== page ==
but you’re not allowed to mentor someone unless you’re perfect.

I used to believe that. I used to believe that role models and mentors were these perfect Godly people, because who would look up to an imperfect person? We can be imperfect and flawed and messy on our own, right? We don’t need someone teaching us how to be THAT. And who has time to be a mentor? It sounds so time-consuming and adulty and soul-stealing and exhausting.

Early on in my time at MTC, I met a dynamic young woman and learned that a coworker’s step-daughter had been her mentor for several years. My coworker explained that the two of them met at church, the younger girl never leaving the older girl’s side. And one day, my coworker told her step-daughter, “That’s your baby. God is calling you to share your experience with her.”

Then one day a high school junior named Daniela appeared, and I felt as though I already knew her somehow.

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Angels didn’t sing. She wasn’t parent-less or lost or a problem child. In fact, she was probably more loved, balanced and self-actualized than most adults I encounter. I truly believe that all young people are special with unique gifts, and Daniela was no exception. She told me early on that she would be the first person in her family to graduate high school and I halted.

Ever? Like, ever? Your dad, your mom, their family? Really?

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She nodded.

A short time later, I asked her to deliver a short but powerful speech in front of business leaders and legislators for an event hosted at our school. She had no public speaking experience and like most people, it frightened her. But because we often view ourselves differently than the people looking at us, I knew she could do it. I knew she could do it well. The day of the event, I placed her outside the door to greet every person who arrived. I told her it was to build rapport with them prior to her speech. The part of my master plan I didn’t share is a component of human connection that Pastor Craig Groeschel talks about in his new book #struggles.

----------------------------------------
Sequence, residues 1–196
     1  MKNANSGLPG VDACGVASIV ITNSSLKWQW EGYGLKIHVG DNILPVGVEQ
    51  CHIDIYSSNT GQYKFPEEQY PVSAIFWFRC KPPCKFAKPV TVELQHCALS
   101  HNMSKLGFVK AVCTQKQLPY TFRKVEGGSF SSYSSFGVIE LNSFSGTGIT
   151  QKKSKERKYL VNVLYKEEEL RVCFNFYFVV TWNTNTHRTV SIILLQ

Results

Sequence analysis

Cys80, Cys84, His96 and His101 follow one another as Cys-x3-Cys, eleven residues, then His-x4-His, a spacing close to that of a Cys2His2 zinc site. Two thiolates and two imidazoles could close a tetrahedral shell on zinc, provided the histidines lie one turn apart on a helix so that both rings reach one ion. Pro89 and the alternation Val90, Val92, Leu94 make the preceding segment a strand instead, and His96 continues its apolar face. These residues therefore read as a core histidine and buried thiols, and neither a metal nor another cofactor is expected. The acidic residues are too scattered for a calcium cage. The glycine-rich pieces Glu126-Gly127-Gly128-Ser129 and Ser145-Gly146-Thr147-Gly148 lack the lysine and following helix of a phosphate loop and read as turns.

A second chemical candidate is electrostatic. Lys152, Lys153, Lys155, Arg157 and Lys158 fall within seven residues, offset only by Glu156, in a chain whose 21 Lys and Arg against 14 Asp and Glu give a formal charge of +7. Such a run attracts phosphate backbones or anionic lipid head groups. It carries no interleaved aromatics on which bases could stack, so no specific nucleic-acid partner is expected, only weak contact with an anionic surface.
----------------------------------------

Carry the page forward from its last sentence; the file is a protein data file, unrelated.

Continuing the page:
“We actually connect with people through our weaknesses. We may impress them with our strengths, but we connect through our weakness.”

And no, I’m not on Pastor Craig’s payroll, but I do love his book.

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Almost every person, after I introduced Daniela and explained this would be her first public-speaking engagement; they encouraged her and shared their own discomfort with public speaking. And many of them do a lot of public speaking and make it look easy.

She impressed everyone. But most important, she impressed herself, which gave her the confidence to pursue even more opportunities. Later that year, she won High School Student of the Year and walked away with $1,500.

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Daniela accomplished all these things on her own, with her own merits. But because of her work ethic, positive attitude, and determination to succeed, she has collected supporters along the way. Building what therapists call, a support system.

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The only thing I, and many others I am proud to call coworkers have done for Daniela is support her efforts and encourage her in a direction she might not have gone otherwise. Listened as she worked through high school struggles. Shared stories and experiences with her when she needed guidance.

It’s that simple.

The call to action here is this: we live in a world where so many young people are depressed, lost, struggling, parent-less, self-harming, addicted, committing suicide. We cannot save them all, but we can certainly respond and act when we feel that tug in our soul.

To Daniela: THANK YOU for being everything I hope my girls grow up to be. Thank you for being so selfless and grateful, no matter the circumstances, because you remind me to practice gratitude. I’m going to ugly cry when you walk that stage in May, because I know what an incredible accomplishment you’ve achieved. You’re a bonafide rockstar.

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